As Shimon the Just declared in the opening lines of Pirkei Avot (1:2), “On three things does the [continued] existence of the world depend: Torah [study], avodah [initially the temple service, later prayer], and gemilut hasadim.” Thus gemilut hasadim (lit., “the giving of lovingkindness”) is a core social value, which the Rabbis considered a quintessential...


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Symbols of Jews and of Israel

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pp. 575-582

The Magen David (lit., “Shield of David”) has become the most distinctive and universally recognized sign of Judaism and Jewish identity. It is a six-pointed star (hexagram) formed by two interlocking equilateral triangles, one pointing upward and one pointing downward. A popular symbol in Europe and the Middle East since ancient...

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Magic and Superstition

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pp. 583-589

Fearing injury from unseen evil forces, all ancient cultures turned to the protective magical powers of a variety of amulets, charms, and talismans. Despite rabbinic contention that tefillin (Deut. 6:8–9) and the mezuzah (Deut. 11:18–21) were only reminders of the divine commandments and the duty to bear witness to their God, many Jews...

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Other Customs and Concepts

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pp. 590-651

The Torah expressly prohibits shaving the “side-growth of your beard” (Lev. 19:27, 21:5), which was interpreted to mean the hair between the head and the cheeks. The long and curly hair at the side of the head, known as payot (in Hebrew) and payes (in Yiddish), has become a sign of ultra-Orthodox and Hasidic Jews. The reason for the ban on shaving...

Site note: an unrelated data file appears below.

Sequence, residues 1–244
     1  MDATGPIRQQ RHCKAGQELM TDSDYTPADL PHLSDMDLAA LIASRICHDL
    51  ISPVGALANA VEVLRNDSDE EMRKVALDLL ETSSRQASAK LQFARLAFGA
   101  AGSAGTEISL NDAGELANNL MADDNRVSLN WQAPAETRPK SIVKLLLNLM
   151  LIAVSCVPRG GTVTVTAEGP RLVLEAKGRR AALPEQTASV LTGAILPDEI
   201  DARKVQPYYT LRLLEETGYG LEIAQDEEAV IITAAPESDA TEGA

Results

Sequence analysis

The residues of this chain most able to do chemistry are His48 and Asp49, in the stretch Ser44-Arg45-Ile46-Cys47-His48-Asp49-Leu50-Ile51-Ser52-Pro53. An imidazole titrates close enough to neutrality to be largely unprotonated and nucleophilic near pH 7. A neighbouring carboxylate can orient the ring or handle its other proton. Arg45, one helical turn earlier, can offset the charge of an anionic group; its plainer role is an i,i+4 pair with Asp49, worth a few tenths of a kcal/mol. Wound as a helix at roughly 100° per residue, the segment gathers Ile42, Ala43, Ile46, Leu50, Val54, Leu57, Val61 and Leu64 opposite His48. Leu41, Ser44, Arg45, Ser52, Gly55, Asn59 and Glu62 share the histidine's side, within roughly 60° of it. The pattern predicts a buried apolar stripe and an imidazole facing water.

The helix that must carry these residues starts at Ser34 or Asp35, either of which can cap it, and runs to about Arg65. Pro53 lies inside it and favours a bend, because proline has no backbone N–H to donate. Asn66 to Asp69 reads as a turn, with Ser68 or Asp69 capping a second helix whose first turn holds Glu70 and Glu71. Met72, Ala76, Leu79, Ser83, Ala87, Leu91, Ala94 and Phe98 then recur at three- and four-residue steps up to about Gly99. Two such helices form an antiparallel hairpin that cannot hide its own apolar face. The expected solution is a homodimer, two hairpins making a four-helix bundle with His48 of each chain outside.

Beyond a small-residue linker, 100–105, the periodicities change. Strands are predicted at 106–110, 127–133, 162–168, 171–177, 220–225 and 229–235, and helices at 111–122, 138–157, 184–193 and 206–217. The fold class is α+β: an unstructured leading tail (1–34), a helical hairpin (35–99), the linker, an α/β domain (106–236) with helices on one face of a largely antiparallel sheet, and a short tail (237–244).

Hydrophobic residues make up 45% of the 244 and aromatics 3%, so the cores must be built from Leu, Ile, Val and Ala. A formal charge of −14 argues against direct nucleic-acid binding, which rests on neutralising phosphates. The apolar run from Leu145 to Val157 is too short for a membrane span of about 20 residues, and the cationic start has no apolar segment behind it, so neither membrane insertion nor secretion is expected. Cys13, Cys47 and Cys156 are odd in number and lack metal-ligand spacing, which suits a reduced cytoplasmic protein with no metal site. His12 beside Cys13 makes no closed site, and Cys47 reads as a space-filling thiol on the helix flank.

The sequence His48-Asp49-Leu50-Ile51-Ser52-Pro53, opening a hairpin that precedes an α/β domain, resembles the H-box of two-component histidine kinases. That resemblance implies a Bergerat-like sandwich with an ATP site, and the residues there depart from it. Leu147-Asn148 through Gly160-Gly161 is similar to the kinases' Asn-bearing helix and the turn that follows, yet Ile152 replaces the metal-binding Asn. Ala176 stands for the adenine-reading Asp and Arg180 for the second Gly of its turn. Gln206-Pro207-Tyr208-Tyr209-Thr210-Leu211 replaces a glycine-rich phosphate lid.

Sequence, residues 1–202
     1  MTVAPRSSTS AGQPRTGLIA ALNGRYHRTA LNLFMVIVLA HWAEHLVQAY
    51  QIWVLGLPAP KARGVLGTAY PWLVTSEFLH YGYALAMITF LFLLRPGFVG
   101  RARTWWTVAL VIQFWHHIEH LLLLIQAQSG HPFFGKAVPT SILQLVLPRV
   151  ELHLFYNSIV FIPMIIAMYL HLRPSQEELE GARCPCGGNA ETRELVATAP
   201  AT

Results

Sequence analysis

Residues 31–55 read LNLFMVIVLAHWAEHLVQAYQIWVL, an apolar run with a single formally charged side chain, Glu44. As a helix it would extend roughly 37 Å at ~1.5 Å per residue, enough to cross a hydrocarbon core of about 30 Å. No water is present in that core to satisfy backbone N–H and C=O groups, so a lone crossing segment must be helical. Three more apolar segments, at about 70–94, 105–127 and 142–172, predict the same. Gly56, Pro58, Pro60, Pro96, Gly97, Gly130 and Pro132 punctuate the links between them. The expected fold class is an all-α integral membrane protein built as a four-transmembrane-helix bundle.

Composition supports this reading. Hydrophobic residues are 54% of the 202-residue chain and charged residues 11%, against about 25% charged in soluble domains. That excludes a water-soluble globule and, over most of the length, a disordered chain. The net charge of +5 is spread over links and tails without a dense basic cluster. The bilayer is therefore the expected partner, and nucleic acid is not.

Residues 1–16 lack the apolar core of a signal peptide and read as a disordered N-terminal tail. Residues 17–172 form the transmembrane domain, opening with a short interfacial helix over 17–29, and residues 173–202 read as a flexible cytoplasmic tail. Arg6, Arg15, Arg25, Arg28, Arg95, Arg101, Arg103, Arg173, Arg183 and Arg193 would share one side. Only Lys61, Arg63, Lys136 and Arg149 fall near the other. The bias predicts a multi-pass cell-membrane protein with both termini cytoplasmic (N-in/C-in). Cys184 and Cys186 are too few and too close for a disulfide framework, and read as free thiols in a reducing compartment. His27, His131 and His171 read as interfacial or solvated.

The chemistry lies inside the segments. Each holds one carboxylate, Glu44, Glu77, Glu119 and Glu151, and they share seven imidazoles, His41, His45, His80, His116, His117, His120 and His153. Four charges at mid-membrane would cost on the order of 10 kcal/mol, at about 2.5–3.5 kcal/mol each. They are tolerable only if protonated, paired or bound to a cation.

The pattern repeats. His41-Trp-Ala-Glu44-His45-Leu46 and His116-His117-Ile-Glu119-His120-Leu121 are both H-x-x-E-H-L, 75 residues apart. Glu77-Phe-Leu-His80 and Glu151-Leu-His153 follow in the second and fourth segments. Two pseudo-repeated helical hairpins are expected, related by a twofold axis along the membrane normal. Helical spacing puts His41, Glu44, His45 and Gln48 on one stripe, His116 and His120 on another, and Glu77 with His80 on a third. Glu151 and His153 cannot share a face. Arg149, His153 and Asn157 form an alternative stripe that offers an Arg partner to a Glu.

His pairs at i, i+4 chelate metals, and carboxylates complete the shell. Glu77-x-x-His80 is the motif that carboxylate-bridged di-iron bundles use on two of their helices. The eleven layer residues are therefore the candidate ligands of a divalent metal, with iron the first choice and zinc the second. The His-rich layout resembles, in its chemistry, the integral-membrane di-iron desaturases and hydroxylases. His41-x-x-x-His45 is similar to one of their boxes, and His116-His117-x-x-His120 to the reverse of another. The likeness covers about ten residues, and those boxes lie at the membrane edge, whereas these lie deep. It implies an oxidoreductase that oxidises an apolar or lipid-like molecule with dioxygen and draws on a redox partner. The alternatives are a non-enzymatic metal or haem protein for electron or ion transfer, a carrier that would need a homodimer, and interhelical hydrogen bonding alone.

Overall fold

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pp. 655-691

During the biblical period, the Mediterranean diet generally consisted of grains, such as wheat (see p. 669) and barley (see p. 669), and legumes, such as lentils (see p. 686) and fava beans, which were cultivated in permanent settlements. Most vegetables were picked wild when needed and cooked for the daily meal. Grapes, figs, and dates...

Plants and Animals

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pp. 695-704

In ancient Israel, trees were an important source of food and shelter. Their wood provided for the construction of houses, boats, the Tabernacle in the wilderness, and the Temple in Jerusalem. The shade of trees was especially valuable in the hot sun of the Land of Israel, and their fruit was a valuable commodity for nutrition and export...

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pp. 705-732

The prohibition against cruelty to animals (tza’ar ba’alei hayim; lit., “pain of living things”) is a fundamental Jewish value, based on the concept that human beings are responsible for all God’s creatures. Not only is cruelty to animals forbidden, it is a positive commandment for human beings to show compassion and mercy to them. The eating...


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pp. 733-765


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pp. 767-768


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pp. 769-774

Weekly Torah and Haftarah Readings

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pp. 775-776

Torah Readings for Holidays and Special Sabbaths

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pp. 777-778

Orders of the Mishnah and Tractates of the Talmud

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pp. 779-781


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pp. 783-806

E-ISBN-13: 9780827610392
Print-ISBN-13: 9780827608825

Publication Year: 2010